Wk5 – Artist Conversation -Ralph Acosta

Exhibition Information

Artist: Ralph Acosta

Exhibition: RELAX: REIMAGINING LOS ANGELES INTERNATIONAL AIRPORT

Media: Video, Film, and Typography

Gallery: CSULB School of Art

Website/Social: Ralph Acosta (Facebook)

Email: N/A

About the Artist

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Ralph Acosta is a graduate student in CSULB. He actually graduated twenty years ago with a General Studio Art degree. Then he went into branding in San Diego. During his stay there he specialized in typography. However, he was not satisfied and returned to school and now he working on his Master of Fine Arts Degree, which also why he decided to install this piece in order to fill a requirement.

Formal Analysis

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Growing up near LAX, Ralph was in awe and intrigued every time he would see a plane up in the sky. In fact he would convince his family to go to the airport just to witness it depart and arrive over and over. Earlier then, according to Ralph, he was able to go down the runway where the planes are and see people arrive and he would greet them. He grew so much more passionate about the planes that he himself told our class that he would get “nerdy” when he brings them up. As he grew older, unfortunately, the world became more dangerous. Security became more strict, but his curiosity grew even more. After he told us the story he actually realized that LAX is one of the worst airports now because of how bland it has become and that it needs an update. And that is where he got the inspiration from. Ralph wanted to revamp the airport and install new, vibrant signage and video skits in order to revitalize what he experienced as a young child.

Content Analysis

His passion and drive comes from his love of the airport and airplanes. And when he was speaking to our group, I could hear how excited and stoked he was while he was presenting his ideas and how it could change the atmosphere of LAX.

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One way of transforming LAX was through changes in the signage. He wanted to develop a special type of font by implementing experience in typography. Therefore he worked with Andrew Byrum, whom, according to Ralph, was a very well known artist, and they worked on the letters for the new signs. This collaboration actually took one year to finish. By utilizing a seraph font and altering it through the addition of some features related to an airport, I must say that whole year was worth every hour.  The blue color of the font actually represents the ocean and he chose orange because he thought it was universal, as in more individuals can agree to it. In addition to that, he claimed, and I agree as well, that it does add a retro vibe to the whole project. And this retro vibe is I believe something he took from his childhood.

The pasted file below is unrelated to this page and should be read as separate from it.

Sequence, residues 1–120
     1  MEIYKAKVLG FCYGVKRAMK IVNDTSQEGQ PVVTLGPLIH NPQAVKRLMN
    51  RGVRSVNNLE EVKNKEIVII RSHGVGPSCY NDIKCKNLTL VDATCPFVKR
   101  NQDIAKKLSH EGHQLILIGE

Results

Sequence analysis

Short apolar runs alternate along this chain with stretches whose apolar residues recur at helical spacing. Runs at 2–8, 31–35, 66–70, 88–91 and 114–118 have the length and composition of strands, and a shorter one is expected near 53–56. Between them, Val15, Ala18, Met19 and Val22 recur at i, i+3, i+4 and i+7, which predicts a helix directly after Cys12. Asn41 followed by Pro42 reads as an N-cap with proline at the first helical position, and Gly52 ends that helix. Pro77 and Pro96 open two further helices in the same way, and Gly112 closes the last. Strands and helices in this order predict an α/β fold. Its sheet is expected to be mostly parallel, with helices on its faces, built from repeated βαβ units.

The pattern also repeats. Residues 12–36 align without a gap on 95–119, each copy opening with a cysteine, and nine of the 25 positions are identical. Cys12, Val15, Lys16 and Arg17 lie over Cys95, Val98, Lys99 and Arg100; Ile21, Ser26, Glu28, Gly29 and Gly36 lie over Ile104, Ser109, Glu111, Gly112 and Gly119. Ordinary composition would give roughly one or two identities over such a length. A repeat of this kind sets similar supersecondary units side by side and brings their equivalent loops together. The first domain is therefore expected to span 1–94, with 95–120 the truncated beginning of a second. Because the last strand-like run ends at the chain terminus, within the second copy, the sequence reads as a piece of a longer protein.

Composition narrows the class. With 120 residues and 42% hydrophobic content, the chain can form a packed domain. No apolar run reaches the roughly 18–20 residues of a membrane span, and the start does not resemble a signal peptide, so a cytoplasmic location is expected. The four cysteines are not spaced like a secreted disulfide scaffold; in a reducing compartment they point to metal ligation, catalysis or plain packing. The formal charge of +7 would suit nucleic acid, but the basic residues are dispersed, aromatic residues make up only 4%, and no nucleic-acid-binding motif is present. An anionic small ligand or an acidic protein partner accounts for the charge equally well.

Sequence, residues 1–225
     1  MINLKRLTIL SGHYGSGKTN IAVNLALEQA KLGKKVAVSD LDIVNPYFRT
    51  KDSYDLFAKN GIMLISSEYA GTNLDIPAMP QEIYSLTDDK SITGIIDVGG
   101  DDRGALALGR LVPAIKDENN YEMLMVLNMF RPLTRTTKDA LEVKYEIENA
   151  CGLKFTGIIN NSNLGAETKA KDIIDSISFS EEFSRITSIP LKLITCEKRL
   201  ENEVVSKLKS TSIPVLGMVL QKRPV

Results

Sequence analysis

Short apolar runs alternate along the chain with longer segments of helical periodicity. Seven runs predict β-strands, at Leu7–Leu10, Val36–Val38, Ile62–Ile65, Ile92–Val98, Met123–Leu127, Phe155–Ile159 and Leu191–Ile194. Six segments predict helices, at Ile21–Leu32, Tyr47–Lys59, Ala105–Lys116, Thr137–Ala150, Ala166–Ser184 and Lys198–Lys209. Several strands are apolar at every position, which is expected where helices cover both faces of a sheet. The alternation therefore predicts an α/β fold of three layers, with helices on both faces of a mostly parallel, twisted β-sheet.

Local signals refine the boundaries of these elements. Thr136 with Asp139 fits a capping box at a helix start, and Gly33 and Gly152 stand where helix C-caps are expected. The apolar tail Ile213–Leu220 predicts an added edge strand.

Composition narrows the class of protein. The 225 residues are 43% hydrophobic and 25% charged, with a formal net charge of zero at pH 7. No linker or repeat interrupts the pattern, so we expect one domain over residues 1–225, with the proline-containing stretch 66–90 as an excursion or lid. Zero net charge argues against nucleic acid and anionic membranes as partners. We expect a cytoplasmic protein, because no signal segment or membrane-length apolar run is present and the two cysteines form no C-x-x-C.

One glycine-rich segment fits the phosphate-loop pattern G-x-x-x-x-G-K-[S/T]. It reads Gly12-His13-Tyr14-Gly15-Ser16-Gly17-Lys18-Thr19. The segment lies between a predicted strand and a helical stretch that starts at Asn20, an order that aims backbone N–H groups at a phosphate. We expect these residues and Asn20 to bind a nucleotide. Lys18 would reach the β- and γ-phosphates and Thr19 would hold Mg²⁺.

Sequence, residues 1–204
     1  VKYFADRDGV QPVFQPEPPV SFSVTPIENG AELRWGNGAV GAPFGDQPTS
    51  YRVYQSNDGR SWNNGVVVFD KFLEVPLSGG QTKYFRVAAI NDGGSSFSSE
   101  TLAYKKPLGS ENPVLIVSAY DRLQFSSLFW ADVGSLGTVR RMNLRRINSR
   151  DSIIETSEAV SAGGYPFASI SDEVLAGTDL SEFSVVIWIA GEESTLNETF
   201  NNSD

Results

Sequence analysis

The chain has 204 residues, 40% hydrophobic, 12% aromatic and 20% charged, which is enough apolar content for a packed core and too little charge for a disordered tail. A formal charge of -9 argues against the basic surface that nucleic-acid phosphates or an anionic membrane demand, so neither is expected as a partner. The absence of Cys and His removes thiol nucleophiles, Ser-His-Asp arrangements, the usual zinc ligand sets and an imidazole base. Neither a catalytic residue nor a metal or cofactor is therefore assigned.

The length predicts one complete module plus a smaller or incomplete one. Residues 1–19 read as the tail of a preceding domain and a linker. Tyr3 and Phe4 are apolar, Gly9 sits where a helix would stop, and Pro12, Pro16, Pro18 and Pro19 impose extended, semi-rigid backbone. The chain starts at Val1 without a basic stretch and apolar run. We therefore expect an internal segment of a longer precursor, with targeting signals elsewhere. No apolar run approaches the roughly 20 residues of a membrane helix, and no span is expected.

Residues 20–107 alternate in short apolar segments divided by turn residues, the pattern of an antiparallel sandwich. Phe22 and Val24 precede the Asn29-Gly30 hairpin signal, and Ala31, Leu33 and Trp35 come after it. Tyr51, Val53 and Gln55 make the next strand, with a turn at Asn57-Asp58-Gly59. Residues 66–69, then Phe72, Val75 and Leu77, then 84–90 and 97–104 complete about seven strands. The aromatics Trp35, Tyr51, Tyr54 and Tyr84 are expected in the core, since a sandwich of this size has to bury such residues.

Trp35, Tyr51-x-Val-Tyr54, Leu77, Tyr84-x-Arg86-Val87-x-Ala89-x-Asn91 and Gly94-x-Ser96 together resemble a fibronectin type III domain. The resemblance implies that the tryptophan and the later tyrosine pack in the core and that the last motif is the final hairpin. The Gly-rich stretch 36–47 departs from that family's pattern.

The second way of transforming the airport is through the use of a flight tracker. Ralph’s version of a flight tracker, which is called “OBSERVA”, lets passengers track, list, view, and display flight all in one app. Another feature of the app that I admired the most was category that lets the individual see the type of plane, what type of engine does it have, and other technical parts. I admired it simply because he channeled his childhood and transformed it into something useful so other children may experience the excitement that he had.

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Synthesis/My Experience

All the artist I have interviewed were inspiring. Inspiring is the only word that can describe the love, thought, and hard work they put in when creating their installations. In addition I noticed that the artists that I have interviewed so far were middle aged. To me that means that it is never too late to seek something that resonates in your heart, and Ralph Acosta is no exception to that group. Meeting him made me want to explore more and even open my horizons just a little bit so I can also get a glimpse of the things that make my heart resonate. And his translation of his childhood to a professional (in my opinion) piece that can be sold and hopefully be displayed, is mind blowing. It felt like he was just playing with a toy the whole time and had his young-self imbedded in him still.

 

 

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